Asus has been coming on strong in graphics cards for several years now, though it never offers quite the variety of versions as companies like XFX and EVGA. Typically, Taiwan-based Asus will ship a reference card under its main brand, and then a custom-built, high-end card under its DirectCU brand. At a later date, the company might ship a super-high-end card using the company’s Matrix or Mars sub-brands. Price differences between Asus’s high-end and standard versions are wider, too, so it’s a little easier to figure out which card really is the premium version.
Asus hasn’t built a Matrix version of the GTX 680 quite yet, but most gamers who run on a single display should be pretty happy with the standard version. Built on Nvidia’s reference design, the Asus GTX 680 delivers excellent performance at a price that’s not quite stratospheric—provided, of course, that you can actually find one. GTX 680s, it seems, are in high demand, so you’ll need to be willing to endure a backlog before you take delivery.
The Asus GTX 680 is fast, quiet, and unassuming.
It’s worth the wait. The Asus card is damned fast. It even ekes out some wins over EVGA’s card. Sure, the differences are mostly statistically insignificant. However, given Nvidia’s GPU Boost technology, you may see variance in the performance of seemingly identical cards, since no two GPU dies behave identically. In the old days, when everything ran at a single set of frequencies, similarly clocked products would behave identically, but that predictability may be a thing of the past.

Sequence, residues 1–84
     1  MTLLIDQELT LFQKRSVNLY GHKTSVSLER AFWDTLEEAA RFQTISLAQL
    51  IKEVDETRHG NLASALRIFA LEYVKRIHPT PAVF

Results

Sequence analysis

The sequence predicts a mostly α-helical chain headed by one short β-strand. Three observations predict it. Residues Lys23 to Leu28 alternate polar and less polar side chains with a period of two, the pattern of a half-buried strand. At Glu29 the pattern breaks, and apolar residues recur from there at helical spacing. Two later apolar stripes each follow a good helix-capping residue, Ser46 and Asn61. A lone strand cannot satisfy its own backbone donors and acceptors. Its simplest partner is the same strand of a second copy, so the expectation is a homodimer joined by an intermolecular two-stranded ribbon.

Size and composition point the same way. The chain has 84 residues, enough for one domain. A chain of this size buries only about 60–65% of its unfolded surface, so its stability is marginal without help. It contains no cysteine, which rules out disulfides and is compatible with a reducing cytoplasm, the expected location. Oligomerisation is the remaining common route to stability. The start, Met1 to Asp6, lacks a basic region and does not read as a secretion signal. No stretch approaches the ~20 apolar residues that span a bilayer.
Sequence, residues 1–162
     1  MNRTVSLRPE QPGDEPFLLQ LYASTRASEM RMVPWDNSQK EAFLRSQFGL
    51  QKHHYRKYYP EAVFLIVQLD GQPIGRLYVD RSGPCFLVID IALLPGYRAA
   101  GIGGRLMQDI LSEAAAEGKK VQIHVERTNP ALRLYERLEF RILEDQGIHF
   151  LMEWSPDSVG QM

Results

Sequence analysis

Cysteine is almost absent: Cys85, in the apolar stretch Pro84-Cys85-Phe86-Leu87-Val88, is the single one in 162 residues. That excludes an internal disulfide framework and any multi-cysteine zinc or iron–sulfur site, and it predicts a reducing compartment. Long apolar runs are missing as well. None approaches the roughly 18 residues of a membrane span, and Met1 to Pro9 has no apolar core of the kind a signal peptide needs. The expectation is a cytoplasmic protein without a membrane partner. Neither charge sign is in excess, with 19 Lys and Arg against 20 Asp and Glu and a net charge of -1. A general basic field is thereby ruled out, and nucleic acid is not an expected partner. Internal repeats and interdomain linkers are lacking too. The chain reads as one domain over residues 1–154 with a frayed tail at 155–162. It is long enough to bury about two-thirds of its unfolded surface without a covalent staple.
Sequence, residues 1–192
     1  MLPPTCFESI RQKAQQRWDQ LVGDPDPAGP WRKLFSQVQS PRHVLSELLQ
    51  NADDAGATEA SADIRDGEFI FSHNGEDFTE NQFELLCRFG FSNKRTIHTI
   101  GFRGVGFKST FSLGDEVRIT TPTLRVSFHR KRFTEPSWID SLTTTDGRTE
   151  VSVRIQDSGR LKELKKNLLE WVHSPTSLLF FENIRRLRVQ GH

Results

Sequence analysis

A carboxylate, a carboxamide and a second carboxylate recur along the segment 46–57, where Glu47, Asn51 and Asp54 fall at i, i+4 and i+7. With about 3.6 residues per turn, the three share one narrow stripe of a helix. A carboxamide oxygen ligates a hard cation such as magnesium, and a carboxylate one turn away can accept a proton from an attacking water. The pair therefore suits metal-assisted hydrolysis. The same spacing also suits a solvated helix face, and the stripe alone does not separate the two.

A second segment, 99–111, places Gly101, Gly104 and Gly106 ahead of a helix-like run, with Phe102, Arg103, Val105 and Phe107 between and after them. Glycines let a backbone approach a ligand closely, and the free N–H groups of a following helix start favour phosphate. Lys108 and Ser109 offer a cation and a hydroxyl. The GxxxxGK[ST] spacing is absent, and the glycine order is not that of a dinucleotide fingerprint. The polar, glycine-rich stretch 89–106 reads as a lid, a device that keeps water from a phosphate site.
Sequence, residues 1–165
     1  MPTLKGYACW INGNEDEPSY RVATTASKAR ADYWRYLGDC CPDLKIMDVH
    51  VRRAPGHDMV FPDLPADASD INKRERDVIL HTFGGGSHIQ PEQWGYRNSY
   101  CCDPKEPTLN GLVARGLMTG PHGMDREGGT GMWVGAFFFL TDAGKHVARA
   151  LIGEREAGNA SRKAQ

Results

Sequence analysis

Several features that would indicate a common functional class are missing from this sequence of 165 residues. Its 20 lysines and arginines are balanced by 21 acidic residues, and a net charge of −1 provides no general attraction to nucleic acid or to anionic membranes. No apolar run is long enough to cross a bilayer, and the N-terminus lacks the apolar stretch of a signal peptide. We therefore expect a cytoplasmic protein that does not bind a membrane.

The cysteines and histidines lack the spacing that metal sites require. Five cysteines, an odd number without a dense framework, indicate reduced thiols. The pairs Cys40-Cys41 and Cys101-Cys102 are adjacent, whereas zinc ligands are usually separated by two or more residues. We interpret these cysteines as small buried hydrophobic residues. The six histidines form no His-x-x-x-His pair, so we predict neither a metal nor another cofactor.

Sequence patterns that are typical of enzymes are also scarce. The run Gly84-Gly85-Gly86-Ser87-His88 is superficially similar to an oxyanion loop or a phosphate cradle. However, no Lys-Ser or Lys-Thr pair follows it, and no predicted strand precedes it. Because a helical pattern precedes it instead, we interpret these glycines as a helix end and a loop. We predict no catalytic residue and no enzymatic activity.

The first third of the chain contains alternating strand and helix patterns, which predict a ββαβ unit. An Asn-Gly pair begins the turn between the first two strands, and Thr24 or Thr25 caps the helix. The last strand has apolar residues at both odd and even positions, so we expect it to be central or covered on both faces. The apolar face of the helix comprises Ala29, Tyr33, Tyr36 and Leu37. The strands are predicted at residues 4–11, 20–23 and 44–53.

Still, the differences are negligible. We’re unconcerned with minor frame-rate differences, and even the 3W-lower idle power won’t pay for a cup of coffee over a year’s time. Compared to the factory‑overclocked XFX Radeon HD 7970 Black Edition Double-D card, performance and power differences are more notable.
As with other GTX 680s, Asus’s offering supports up to four simultaneous displays with one card, provided you’ve got the right set of connectors and adapters. Like EVGA, Asus ships the card with its own performance mod software, which Asus calls GPU Tweak. GPU Tweak isn’t quite as easy to use as EVGA’s Precision, and doesn’t yet seem to support all the features of the GTX 680, like GPU Boost adjustments. But it gets the job done. The best part of GPU Tweak is its custom take on GPU-Z, an excellent tool for monitoring the state of your GPU.
Asus offers a three-year limited warranty on the card, putting it in line with most other mainstream companies. In the end, the Asus GTX 680 is one fast card, and is impressively quiet and efficient. For once, we think the reference design is good enough for most gamers.